This past summer, fans of The Crown were inundated with rave reviews, cinematic stills, and hype for its latest go-round, season four—and I’m here to give you some more. The new season is not only visually compelling, but the story tugs at heartstrings in a new way, with the introduction of Lady Diana Spencer, her life unfolding within the Royal Family’s powerful grasp.
The Netflix series originally aired in 2016, taking viewers through the Royal Family’s influence on not just the world, but within its own family’s relationships and dynamics. In season four, the incredible Olivia Colman plays the Queen, circa the 1980s. Even those not familiar with British politics can be engrossed in the subplots, which include Margaret Thatcher’s rise as the UK’s first female Prime Minister and the story of Michael Fagan breaking into the Queen’s bedroom.
Of course, everyone’s eyes were peeled this season for the narrative involving Diana, played by Emma Corrin, and Prince Charles, played by Josh O’Connor. Corrin embodies Diana so accurately, it’s almost eerie. The way she holds herself, speaks, and her mannerisms are so well-studied—as all the characters are in The Crown. Diana’s sensitivity and ability to relate to the public rendered her beloved, and this season does such a beautiful job of showing how affectionate she was—especially with the public, and her two boys, William and Harry. Celebrations in her name were incessant, and through the episodes, the viewer sees the contrast of the praise from the public and the loneliness Diana faced day-to-day.
Diana’s relationship with Charles and her spiraling health culminate in a mood that’s quite simple to describe: it’s dark. Very dark.
Their marriage was never set out for success, as Charles’s love for Camilla Parker Bowles outweighed his interest in Diana. The various attempts to reconcile Diana and Charles’s love always seemed to fail, leaving them both angry. You can’t help but feel for them both. Charles wasn’t able to be with the woman he loved, as politics required him to stay married to Diana. There’s a compelling scene where Charles desperately asks the Queen for permission to divorce Diana, and the Queen’s response to his request is nothing but indifferent.
Diana suffered in a totally different way. Her youth gave her hope in a marriage that was hopeless. She believed in their relationship for a while, then realized she would never be accepted by the family into which she married. Diana was also notorious for her eating disorder. The loneliness manifested itself physically, as Diana developed bulimia, widening the chasm between her and Charles. The realness in which the disorder is portrayed is chilling, so much so that it might be triggering for some. Dark, quiet, echoey frames take you fully into Diana’s sadness, and the dismissal of it by everyone around her makes you ache for her.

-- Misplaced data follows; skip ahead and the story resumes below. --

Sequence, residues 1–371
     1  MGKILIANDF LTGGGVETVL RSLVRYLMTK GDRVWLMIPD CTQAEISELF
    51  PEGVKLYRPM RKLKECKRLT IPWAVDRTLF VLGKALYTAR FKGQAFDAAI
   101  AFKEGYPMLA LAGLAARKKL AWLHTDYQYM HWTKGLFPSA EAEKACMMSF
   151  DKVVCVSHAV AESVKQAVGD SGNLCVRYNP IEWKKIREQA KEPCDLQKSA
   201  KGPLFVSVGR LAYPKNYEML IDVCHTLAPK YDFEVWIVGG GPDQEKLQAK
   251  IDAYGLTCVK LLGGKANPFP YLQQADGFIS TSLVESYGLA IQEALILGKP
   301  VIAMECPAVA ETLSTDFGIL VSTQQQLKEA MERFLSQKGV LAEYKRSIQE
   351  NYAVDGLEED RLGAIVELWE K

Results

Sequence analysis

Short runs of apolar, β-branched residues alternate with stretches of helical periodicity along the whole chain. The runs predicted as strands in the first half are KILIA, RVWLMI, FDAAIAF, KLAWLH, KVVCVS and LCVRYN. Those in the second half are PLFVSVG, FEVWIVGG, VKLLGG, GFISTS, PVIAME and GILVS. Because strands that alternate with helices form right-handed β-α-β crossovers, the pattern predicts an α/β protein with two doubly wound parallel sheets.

There is a very obvious lack of romance in Diana and Charles’s relationship, and the isolation and mental health issues that Diana faced are anything but romanticized. However, I still feel the entire series has a sort of romantic quality. Maybe it’s me, being an American and looking at the Royal family as Americans do—with an obsessive quality. After all, their lives feel untouchable and The Crown provides an inside glimpse. Or maybe it’s the quality of the show, the precision in which everything is done—the accuracy of the characters’s mannerisms, the time that was very obviously spent learning another person’s behaviors. And of course, the sets and cinematography are astounding. The show is slow, and melodic—and although the story can be gritty at times, especially when it comes to the Royal Family’s many flaws, its thoughtfulness and attention to detail still draws me in, four seasons later.